A larger canal was soon needed, and in 1835 the New York legislature passed a law providing for improvement of the canal. By 1862, the canal was 70 feet (21.5 meters) wide and 7 feet (2.1 meters) deep, and could handle boats carrying 240 tons. The number of locks was reduced to 72.

In 1903, New York decided to enlarge the canal by the construction of what was termed the "Barge Canal," consisting of the Erie Canal and the three branches of the State system -- the Champlain, the Oswego, and the Cayuga and Seneca. The resulting canal was completed in 1918, and is 12 to 14 feet (3.65 to 4.26 meters) deep, 120 to 200 feet (36.6 to 61 meters) wide, and 363 miles (584.5 kilometers) long. The number of locks was reduced to 57. This is the Erie Canal which today is utilized primarily by recreational boats, rather than cargo-carrying barges.

Erie Canal today, near Albany

The Modern-Day Canal

The canal system was enlarged between 1905 and 1918. In order to accomodate much larger barges, the engineers decided to abandon much of the original man-made channel and instead "canalize" the rivers that the canal had been constructed to avoid -- the Mohawk, Oswego, Seneca, Clyde and Oneida Lake. A uniform channel was dredged; dams were built to create long, navigable pools, and locks were built adjacent to the dams to allow the barges to pass from one pool to the next. When it opened in 1918, the whole system was renamed the New York State Barge Canal.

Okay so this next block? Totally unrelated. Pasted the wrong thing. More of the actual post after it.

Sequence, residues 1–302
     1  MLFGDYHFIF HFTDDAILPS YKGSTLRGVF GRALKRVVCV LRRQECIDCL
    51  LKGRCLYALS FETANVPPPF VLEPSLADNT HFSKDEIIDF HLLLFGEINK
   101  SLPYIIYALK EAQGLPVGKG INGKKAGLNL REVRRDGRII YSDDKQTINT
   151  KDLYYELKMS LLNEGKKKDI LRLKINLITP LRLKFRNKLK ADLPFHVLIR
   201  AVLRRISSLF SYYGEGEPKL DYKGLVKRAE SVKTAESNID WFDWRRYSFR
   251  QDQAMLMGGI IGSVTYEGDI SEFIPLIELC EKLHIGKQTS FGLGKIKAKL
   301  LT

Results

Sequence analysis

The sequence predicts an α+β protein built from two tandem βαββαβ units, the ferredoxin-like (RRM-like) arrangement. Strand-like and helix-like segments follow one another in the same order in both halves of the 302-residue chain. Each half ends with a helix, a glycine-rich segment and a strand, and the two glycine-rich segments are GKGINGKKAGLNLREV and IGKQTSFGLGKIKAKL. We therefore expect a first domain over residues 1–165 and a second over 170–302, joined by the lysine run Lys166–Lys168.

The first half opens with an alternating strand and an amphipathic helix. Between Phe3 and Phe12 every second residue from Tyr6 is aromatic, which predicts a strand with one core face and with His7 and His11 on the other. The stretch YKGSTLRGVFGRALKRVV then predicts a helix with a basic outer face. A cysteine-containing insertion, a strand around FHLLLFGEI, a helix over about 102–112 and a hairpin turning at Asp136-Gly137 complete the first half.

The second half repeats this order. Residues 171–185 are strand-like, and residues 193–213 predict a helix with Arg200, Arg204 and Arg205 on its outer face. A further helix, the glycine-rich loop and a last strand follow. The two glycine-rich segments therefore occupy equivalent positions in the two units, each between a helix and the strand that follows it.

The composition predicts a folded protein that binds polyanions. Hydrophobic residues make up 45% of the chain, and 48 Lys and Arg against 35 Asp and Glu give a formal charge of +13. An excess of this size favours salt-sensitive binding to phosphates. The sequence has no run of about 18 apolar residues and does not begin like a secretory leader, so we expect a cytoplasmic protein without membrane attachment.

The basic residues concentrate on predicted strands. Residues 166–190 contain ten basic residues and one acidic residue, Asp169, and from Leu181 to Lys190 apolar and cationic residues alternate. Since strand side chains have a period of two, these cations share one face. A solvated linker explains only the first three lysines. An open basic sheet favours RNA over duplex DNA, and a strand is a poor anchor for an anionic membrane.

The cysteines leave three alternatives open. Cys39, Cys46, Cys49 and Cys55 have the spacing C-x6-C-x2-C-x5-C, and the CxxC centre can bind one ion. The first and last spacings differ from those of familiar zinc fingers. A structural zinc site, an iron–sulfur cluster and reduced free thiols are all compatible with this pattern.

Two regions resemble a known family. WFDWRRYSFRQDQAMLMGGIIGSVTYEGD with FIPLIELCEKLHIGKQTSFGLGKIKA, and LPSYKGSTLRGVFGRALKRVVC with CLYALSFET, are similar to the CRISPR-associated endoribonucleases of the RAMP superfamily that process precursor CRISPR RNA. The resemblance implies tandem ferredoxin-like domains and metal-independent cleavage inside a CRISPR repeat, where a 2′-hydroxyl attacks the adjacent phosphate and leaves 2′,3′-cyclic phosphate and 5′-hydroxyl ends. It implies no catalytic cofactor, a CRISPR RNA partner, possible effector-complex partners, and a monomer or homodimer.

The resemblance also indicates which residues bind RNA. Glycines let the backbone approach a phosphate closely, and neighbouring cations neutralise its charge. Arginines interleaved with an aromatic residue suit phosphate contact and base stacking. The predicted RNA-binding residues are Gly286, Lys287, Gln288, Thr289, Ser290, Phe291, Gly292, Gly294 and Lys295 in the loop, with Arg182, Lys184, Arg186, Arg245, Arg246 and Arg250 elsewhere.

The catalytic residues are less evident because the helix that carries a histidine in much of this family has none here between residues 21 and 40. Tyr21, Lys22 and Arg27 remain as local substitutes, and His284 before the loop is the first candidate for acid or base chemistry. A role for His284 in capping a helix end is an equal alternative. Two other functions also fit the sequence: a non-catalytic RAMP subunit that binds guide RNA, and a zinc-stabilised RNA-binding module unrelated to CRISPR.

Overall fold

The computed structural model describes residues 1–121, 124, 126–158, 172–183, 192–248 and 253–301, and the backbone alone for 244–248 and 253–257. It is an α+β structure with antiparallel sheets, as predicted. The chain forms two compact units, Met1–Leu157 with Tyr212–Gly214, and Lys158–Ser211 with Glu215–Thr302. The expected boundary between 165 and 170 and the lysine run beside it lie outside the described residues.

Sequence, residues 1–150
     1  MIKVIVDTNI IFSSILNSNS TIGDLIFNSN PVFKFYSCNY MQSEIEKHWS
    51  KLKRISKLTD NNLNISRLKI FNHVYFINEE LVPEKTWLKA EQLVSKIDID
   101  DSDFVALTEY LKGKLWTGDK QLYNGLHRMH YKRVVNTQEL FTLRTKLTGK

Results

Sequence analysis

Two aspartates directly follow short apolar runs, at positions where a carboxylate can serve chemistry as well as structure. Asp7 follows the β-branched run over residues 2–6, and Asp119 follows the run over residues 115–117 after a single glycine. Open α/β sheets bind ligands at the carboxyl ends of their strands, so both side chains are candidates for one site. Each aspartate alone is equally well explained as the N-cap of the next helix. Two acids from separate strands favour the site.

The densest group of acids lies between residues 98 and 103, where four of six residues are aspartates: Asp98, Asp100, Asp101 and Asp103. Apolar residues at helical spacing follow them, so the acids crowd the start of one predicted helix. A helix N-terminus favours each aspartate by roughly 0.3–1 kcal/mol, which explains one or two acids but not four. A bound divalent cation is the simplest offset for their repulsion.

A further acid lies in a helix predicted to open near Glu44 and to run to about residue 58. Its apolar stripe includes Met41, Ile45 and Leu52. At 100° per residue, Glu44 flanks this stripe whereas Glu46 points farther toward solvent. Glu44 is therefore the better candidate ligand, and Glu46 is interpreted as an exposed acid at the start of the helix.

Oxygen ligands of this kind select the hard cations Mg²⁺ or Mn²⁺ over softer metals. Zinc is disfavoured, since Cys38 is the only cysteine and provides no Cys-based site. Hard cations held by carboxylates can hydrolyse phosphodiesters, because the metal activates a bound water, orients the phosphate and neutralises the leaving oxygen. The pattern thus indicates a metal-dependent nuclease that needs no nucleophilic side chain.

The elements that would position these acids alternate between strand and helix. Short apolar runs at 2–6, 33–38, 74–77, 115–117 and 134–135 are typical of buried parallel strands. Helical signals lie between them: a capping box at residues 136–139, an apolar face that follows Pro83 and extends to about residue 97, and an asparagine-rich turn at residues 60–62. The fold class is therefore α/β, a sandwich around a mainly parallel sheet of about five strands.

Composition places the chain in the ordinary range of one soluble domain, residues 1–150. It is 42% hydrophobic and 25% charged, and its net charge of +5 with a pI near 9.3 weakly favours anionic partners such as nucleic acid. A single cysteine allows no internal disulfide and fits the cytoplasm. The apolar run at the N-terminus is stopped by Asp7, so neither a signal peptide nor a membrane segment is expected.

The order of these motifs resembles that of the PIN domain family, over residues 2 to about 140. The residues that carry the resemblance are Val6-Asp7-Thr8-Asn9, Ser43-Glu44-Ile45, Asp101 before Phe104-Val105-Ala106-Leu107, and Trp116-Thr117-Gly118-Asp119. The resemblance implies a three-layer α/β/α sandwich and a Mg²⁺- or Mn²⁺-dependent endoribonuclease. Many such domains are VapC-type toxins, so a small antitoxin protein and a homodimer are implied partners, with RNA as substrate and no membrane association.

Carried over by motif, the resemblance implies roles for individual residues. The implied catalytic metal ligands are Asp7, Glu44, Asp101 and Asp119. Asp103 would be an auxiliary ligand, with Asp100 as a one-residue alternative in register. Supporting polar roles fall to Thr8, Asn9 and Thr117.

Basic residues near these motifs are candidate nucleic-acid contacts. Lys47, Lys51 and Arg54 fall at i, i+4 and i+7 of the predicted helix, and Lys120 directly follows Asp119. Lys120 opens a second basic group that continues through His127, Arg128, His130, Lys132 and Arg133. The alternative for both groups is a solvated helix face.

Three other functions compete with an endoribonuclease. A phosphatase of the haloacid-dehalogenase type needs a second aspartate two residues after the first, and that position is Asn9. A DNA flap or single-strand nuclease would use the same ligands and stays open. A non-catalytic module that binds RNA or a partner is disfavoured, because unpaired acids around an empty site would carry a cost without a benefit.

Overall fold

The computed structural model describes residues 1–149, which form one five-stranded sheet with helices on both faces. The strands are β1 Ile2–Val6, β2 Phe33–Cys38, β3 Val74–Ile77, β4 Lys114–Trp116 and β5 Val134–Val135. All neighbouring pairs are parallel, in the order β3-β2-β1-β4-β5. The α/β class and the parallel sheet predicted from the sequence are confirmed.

Commercial traffic on the Canal System declined dramatically in the late-1950's, due to improved highways and railroads, and the opening of the St. Lawrence Seaway, in 1959. Today, the waterway is known as the New York State Canal System.

Effects of the Canal

Within 15 years of the canal's opening, New York City was the busiest port in America, moving tonnages greater than Boston, Baltimore and New Orleans combined.

Nearly 80% of the upstate New York's population lives within 25 miles of the canal.

Cities and towns along the route include (from west to east):
Buffalo -- Tonawanda -- North Tonawanda -- Lockport -- Gasport -- Middleport -- Medina -- Albion -- Holley -- Brockport -- Spencerport -- Rochester -- Pittsford -- Fairport -- Macedon -- Palmyra -- Newark -- Lyons -- Clyde -- Port Byron -- Woodsport -- Jordan -- Camillus -- Solvay -- Syracuse -- East Syracuse -- Chittenango -- Conastota -- Oneida -- Rome -- Oriskany -- Utica -- Frankfort -- Ilion -- Mohawk -- Herkimer -- Little Falls -- St. Johnsville -- Nelliston -- Fort Plain -- Palatine Bridge -- Canajoharie -- Sprakers -- Fultonville -- Fonda -- Tribes Hill -- Fort Hunter -- Fort Johnson -- Amsterdam -- Rotterdam -- Scotia -- Schenectady -- Waterford -- Cohoes -- Troy -- West Troy -- Menands -- Rensselaer -- Albany

World Book Encyclopedia. Chicago: World Book-Childcraft International, Inc., 1979.

The Erie Canal
Erie Canalway National Heritage Corridor
New York State Canal Corporation

Great Lakes
George Washington
Gouverneur Morris
De Witt Clinton
New York City

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This page was last updated on June 25, 2018.